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Nursing is not about money, but saving lives — Maryam Musa

In 1984, through a government scholarship, Maryam Musa got her certificate from the National Community Health Practice Examination Board, School of Health Technology, Kankiya in…

In 1984, through a government scholarship, Maryam Musa got her certificate from the National Community Health Practice Examination Board, School of Health Technology, Kankiya in Kaduna State. Since then, Maryam has used the unique skills she acquired and her passion to help as many people as she can; tending to anyone that comes her way.

Tucked in a small corner of the Down Quarters community in Kaduna South is a small uncompleted building where Maryam, popularly called Maman Gwari, attends to pregnant women, among others, in a community she has lived in for over 20 years.

The 58-year-old retired but not tired nurse hopes to complete the building of her clinic when she collects her entitlement, which has remained unpaid five years after her retirement.

“I use the drugs from the chemist I run to treat my patients. I charge very little because I have become part and parcel of this community. When they are unable to pay, I treat them on credit,” she said while attending to a patient in her house.

Maryam had just attended to a woman in labour in her small maternity room located within the premises of her home in Down Quarters community when she met with the Daily Trust correspondent for this interview.

After lighting a local stove in her uncompleted house, Maryam, a mother of four, went from attending to patients to answering questions put across to her by our correspondent.

She said: “My patients come from various parts of the state, including Narayi, Mando and Kabala West just so that I treat them, they say. I am patient and I don’t charge them a lot. For me, the joy is in knowing that I have made an impact by treating them in their time of need,” she said.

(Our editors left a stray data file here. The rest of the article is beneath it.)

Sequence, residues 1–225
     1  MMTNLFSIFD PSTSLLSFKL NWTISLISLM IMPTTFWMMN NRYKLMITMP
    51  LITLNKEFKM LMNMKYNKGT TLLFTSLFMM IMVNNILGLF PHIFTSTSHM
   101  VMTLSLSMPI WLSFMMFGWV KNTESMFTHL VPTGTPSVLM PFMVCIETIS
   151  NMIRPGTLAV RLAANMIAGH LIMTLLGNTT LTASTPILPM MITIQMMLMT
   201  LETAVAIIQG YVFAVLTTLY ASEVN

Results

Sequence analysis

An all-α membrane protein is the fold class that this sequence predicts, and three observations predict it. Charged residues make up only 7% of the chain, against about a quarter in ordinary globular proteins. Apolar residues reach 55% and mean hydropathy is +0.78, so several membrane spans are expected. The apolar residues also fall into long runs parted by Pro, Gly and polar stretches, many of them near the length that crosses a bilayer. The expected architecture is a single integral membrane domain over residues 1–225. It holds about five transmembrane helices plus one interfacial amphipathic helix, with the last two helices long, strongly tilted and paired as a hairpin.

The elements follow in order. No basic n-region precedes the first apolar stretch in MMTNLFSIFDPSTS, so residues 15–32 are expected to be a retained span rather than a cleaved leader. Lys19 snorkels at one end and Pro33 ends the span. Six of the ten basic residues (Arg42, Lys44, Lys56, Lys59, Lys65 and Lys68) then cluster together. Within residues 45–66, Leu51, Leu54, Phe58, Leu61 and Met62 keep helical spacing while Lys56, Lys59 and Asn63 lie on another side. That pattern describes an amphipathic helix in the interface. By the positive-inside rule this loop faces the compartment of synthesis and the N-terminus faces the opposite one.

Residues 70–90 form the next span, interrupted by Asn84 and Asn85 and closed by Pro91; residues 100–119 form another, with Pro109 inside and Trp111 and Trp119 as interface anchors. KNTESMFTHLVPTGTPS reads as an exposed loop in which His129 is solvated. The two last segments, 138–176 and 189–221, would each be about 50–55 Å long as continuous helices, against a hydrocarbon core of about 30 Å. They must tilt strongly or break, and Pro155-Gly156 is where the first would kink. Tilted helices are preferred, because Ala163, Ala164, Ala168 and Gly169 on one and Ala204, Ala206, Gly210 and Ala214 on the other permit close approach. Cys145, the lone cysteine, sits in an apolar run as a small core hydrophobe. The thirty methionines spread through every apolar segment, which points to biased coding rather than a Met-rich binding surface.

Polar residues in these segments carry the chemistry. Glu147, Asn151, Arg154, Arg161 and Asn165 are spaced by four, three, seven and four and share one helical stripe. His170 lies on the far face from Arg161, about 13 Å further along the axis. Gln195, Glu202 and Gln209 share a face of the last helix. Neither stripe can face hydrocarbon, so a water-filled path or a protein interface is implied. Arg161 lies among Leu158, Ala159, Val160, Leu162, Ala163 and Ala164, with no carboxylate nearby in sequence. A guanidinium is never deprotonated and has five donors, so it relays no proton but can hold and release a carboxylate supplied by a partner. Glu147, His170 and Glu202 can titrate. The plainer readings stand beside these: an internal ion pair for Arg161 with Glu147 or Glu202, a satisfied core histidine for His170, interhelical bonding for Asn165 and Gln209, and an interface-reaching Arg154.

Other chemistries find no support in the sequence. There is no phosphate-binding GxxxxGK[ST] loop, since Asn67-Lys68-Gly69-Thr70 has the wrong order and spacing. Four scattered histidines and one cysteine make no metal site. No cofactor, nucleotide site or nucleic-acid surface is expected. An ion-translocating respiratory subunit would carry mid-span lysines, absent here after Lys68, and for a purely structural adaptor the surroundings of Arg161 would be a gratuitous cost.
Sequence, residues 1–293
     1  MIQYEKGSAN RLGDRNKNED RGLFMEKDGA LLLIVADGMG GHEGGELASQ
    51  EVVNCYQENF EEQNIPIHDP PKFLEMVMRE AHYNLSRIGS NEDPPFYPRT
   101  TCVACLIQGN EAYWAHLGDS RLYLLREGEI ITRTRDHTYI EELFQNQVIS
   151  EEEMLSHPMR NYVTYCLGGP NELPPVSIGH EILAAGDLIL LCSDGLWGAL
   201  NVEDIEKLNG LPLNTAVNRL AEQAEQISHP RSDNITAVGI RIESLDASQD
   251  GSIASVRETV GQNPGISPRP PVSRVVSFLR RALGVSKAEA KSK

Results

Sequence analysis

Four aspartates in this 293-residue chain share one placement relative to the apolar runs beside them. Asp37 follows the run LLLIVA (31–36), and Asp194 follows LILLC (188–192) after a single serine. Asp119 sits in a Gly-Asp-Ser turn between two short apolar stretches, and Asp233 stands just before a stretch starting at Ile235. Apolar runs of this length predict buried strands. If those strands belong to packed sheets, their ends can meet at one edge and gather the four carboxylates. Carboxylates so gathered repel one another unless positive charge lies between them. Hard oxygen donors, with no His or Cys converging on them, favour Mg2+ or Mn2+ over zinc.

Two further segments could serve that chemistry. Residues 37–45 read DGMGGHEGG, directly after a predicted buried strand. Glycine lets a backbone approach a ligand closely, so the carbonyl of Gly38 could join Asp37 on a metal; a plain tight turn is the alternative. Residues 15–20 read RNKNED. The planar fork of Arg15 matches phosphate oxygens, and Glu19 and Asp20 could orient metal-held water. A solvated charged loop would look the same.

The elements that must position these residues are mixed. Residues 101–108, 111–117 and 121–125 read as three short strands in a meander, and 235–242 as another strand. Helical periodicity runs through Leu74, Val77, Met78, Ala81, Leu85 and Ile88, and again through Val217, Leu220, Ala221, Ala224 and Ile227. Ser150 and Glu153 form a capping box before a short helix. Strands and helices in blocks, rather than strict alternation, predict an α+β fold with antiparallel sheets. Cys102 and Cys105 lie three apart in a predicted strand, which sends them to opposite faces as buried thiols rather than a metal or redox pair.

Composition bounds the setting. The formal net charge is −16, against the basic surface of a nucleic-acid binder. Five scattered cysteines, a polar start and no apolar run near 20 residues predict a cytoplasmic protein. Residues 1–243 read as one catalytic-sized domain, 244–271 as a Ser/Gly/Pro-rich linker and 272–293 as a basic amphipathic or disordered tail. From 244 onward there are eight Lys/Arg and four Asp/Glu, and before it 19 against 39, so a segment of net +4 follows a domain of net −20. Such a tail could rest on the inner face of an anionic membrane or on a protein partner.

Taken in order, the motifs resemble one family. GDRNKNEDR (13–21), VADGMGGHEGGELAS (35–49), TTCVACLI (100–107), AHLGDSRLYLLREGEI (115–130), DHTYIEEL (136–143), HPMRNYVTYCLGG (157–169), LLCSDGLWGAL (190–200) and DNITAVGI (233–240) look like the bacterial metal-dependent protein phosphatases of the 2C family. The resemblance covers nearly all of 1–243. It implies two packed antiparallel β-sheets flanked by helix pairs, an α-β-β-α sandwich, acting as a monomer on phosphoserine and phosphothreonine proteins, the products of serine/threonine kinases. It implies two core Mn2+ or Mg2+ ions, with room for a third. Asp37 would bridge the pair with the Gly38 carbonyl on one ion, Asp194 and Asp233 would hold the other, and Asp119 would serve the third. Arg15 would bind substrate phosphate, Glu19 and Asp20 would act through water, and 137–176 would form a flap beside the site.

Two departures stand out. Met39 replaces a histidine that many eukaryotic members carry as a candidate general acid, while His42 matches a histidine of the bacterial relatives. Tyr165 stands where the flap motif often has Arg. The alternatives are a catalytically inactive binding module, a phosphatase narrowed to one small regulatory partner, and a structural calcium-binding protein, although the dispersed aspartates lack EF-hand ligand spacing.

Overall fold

“Also, there are some young girls I treat who, for fear of being ‘judged’, do not want to go to the Primary Healthcare Centre in the community, but rather come to my house to deliver. I have no choice but to take them in because the whole aim is to save lives.

“I came to Down Quarter in 2000 when I was transferred from Kabala West and it is where I retired five years ago. l have spent 22 years in this community, so the people have become more like my family since my children no longer live with me.

“I was able to buy this small piece of land and build the house and proposed clinic three years to my retirement. I participated in monthly contributions at the office and that is what I used to build what you see here. I finished just one side of the house, pending when government pays me my retirement entitlement, which I intend to use to complete the building.”

There are many cases of nurses harassing their patients, so nurses like Maryam Musa have stepped in to give their patients support and aid their speedy delivery and recovery.

She says her motivation and strength come from the fact that she is helping women start new beginnings with the birth of their babies, having practised for over 35 years.

Sorting through her documents in search of her practising licence, with a big smile on her face, Maryam joked with her patients who had lined up patiently waiting for her to attend to them. 

Daily Trust reports that Maryam’s story is one that gives hope and strength, especially for many that have lost hope in the attitude of Nigerian nurses towards their patients. At 58, she still has dreams of opening a clinic where she can take care of patients who are in dire need of her services.

In 1999, Maryam Musa was promoted to the rank of Chief Health Assistant, a position she retired at. But still determined to make more impact, she applied for a licence to practise as a community health practitioner, which she has been doing for over five years.